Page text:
Make Life Easier with Shared Page Elements
Posted Thursday, September 30, 2004
In the early days of the web, sites were usually built with primitive text editors, one page at a time, one painstaking HTML tag after another. Yeah, back then also we walked five miles to school, uphill both ways. And we liked it.
Current web building tools make it easier than ever for content managers to maintain a site's consistent look and feel -- every page with your logo at the top, a primary navigation bar in a prominent place, and a footer with your company's address and phone number, for example.
This article shows how you can create these page elements once and have them shared by every page in your site. So, if you're still living in the horse-and-buggy world of building every page top to bottom from scratch, repeatedly coding your banners and footers, it's time to harness the power of shared page elements. Let's start with a few of the more popular web authoring tools.
Achieve consistency in your FrontPage-built site by using Shared Borders, which are page regions reserved for content such as page titles and navigation bars that you want to appear consistently throughout the site.
Start by clicking on the Navigation icon on the Views bar to switch to Navigation view. On the Format menu, click Shared Borders. In the Shared Borders dialog box you can specify where on your pages FrontPage should insert Shared Borders. You'll probably want to make sure the All pages option is selected.
Note that you can have more than one Shared Border, such as one at the top of the page for your logo, and one down the left for the navigation bar.
With the Shared Borders in place, all existing and new pages will, you guessed it, "share" the same logo, navigation links, etc. If you make changes to an element in a Shared Border, the change will be reflected automatically throughout your site.
That's not all. You can apply a Theme that gives pages, banners, navigation bars, and other elements an attractive and consistent appearance. With any page open, click Theme on the Format menu to display the Themes Properties dialog box. Refer to online Help for the the dizzying array of options available to you.
Our favorite web authoring tool lets you create a template that can be applied to the entire site. In Dreamweaver create a basic page that includes only those elements that you want on every site page. Apply this page to a defined site by selecting File - Save as Template. Select the defined site and give the template a name. Once the template is saved, you'll have to define what is editable and what isn't.
There's a lot to this powerful feature, so refer to Dreamweaver's online help for more information.
If this is your tool of choice, make sure you're using Fusion's powerful SiteStyles feature. You can select from over 200 SiteStyles that put a consistent look and feel to your site. You can even create your own site style.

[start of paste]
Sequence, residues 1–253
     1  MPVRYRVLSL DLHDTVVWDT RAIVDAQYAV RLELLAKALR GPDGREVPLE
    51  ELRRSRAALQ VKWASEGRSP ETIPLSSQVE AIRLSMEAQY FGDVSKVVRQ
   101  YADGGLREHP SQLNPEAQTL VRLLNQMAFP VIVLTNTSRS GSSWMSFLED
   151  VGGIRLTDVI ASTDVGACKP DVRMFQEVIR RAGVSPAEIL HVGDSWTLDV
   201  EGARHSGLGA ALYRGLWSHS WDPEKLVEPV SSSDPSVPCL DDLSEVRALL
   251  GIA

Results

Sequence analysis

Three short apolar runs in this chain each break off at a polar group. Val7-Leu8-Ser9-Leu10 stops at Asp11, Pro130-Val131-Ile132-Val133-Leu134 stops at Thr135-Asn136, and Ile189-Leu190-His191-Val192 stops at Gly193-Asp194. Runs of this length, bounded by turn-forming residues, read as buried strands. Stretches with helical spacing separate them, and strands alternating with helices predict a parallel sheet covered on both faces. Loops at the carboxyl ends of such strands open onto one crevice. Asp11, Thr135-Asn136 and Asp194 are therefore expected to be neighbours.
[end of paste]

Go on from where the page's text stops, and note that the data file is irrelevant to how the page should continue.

Another feature you'll want to use are navbars (navigation bars). These are Fusion generated-navigation aids which appear as a series of links or linked buttons in your web pages. One great thing about these highly-customizable navbars is that they continually reflect your site's structure as you add sections and pages to your site.
For more information about sitestyles and navbars refer Fusion's online User Guide.
While HomeSite is not a WYSIWYG tool like FrontPage or Fusion, it's a fine HTML editor. Your best bet with this tool is to create a template.
Create an HTML file to hold the repeatable code that contains the "shell" for each page -- at a minimum, the opening and closing HTML and BODY tags. Include code for your logo, primary navigation, and other shared page elements. Save this file as a custom template (File - Save as Template). When you create new pages (File- New), click on the custom template.
Unfortunately, using this approach will not allow you to make site-wide changes to existing files.
Not using a web authoring tool? Even if you're the programmer type with an unnatural affinity for Notepad you can use shared page elements. Essentially you'll create separate text files that contain the code for shared page elements, and then call upon these files as needed.
Server-Side Includes (SSI)
The most common way of doing this is with server-side includes (SSI). Create separate HTML files for each shared page element. For example, you might have an HTML file called "banner.htm" that's been saved in a directory called "includes".
In the HTML file for each page, add the following line:
<? include("/includes/banner.htm"); ?>
If you're not using one of these approaches, you probably should be. It allows your content managers to focus on what they do best -- creating and updating content -- without having to worry about recreating common page elements over and over. As with any change in process, anticipate a learning curve, but also be ready for the benefits of a more efficient process and a cleaner web site.
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